Vietnam’s capital city is a combination of old colonial buildings, traditional Asian architecture and a few modern high-rises all interconnected by a swirling mass of motorcycle-packed streets.
French, Chinese and Vietnamese influences can all be seen in Hanoi, which is what makes it such a fascinating city to explore.
Despite, or perhaps as a result of, a long history of invading forces controlling Vietnam’s second largest city, Hanoi has a unique identity all its own.
Read on to find out more about the city and the fusion of east and west that makes it so compelling to travellers from all over the world.
To get a real feel for old Hanoi, you must step back in time to an area of the city that still boasts its original street layout and quaint architecture. The Old Quarter was unique in that each of its streets was dedicated to a type of merchant or trade, making it easier for locals to find exactly what they wanted.
Today, this is not the case, and the quarter is instead known for it specialist artisan merchants, making it a great place to pick up an authentic memento from Vietnam.
You can also visit the night market here that runs from Friday to Saturday as well as visiting the Hoàn Ki?m Lake.
This part of town, which consists of the first 36 streets of Hanoi, is also a fantastic place to hunt down no-frills, authentic Vietnamese cuisine.
Don’t be put off by the charmingly shabby exterior of the restaurants and cafes in this area – there are some real gems hidden in the rough.
Here you will also find many places of interest including the The Temple of Literature, Hanoi Citadel, On Pillar Pagoda and the Flag Tower of Hanoi.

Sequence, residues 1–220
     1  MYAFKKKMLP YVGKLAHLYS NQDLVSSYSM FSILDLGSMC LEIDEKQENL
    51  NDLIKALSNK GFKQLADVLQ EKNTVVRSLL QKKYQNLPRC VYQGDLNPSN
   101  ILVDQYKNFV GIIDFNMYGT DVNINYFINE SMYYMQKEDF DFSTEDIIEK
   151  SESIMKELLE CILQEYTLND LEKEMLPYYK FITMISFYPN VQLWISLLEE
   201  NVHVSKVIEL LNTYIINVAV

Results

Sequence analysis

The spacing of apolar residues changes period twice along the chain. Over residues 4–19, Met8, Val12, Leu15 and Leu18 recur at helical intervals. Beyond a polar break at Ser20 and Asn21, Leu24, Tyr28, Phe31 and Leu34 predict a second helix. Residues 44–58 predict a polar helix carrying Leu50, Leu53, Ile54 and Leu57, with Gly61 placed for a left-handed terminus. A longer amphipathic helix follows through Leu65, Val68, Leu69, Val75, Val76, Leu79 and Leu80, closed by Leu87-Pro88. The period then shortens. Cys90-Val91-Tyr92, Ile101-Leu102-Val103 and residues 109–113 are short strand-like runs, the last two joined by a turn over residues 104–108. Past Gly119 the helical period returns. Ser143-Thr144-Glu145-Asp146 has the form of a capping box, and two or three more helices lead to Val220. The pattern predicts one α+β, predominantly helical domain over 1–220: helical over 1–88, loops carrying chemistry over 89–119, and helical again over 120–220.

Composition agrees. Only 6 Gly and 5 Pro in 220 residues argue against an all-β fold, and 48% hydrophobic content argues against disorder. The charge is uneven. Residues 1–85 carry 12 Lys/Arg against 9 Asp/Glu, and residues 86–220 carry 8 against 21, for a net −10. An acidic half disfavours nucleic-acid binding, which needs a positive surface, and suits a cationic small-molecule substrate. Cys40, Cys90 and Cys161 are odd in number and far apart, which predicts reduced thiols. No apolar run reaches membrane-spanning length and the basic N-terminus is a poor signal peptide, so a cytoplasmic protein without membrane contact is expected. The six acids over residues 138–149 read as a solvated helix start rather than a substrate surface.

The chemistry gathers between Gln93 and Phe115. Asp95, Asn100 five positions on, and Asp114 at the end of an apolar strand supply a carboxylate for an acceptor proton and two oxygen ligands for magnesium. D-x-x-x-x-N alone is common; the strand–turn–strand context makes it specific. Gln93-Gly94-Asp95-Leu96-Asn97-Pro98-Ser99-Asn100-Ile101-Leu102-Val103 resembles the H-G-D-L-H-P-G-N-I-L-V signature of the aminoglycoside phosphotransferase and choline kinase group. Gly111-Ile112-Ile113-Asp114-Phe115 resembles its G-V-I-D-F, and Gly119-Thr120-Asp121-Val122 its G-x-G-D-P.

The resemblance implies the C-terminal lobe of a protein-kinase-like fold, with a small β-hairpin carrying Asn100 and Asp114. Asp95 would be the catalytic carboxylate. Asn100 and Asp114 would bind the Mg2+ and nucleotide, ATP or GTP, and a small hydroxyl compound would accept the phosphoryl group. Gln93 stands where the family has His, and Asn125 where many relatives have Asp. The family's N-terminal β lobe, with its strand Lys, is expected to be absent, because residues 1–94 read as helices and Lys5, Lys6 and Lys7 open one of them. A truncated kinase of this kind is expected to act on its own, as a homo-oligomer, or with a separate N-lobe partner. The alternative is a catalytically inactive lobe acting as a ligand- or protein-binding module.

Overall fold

The French Quarter
Almost a world away from the narrow, crowded streets of the Old Quarter, the French part of the city is home to wide-open roads and the fading grandeur of French-style villas.
With the streets being much wider, it is easier to navigate the area on food, taking in the marvellous colonial buildings and tree-lined avenues as you go. It’s still important to be wary of traffic as the roads are still quite busy.
The Opera House is perhaps one of the grandest structures on show and performances are put on regularly for a reasonable fee.
Other buildings of note include the Presidential Palace, State Bank of Vietnam, St. Joseph’s Cathedral, and the Hotel Metropole.
In yet more contrast to the cheap eateries of old Hanoi, the French Quarter contains some of the most up-market restaurants in the city.
The Metropole, Club Opera and and The Press Club make up some of the higher-end dining options in this fascinating area of the capital.
Ho Chi Minh Museum and Mausoleum
Yet another example of contrasting architecture, the Ho Chi Minh Museum would not look out of place in the heart of Soviet Russia.
Built in the 1990s to celebrate the iconic Vietnamese leader, this museum is big, bleak and formidable and just one more example of the different ideologies that have gone into creating modern Vietnam.
As well as the museum, there is also a chance to visit the mausoleum where the man himself is entombed. When visiting this area you must show the utmost respect and so no talking, photographs or revealing clothing are allowed.
The former leader of Vietnam lies in similar fashion to another famous communist, Lenin, although it is thought that Ho Chi Minh opposed such a burial.
As the city continues to grow, the skyline has become awash with high-rise buildings and skyscrapers. There are now over 100 such structures located in the city as the capital embarks in the next stage of its evolution.
The tallest in Vietnam now calls Hanoi home with the Hanoi Landmark 72 Tower towering above the sprawling mass of life below. Once finished, the Hanoi Lotte Center will also join the city’s skyline as one of the tallest in the country.
Whatever part of Hanoi you find yourself in, you are sure to have a remarkable trip, full of one-of-a-kind experiences. For more information about holidays to this incredible city, contact one of our our experts today.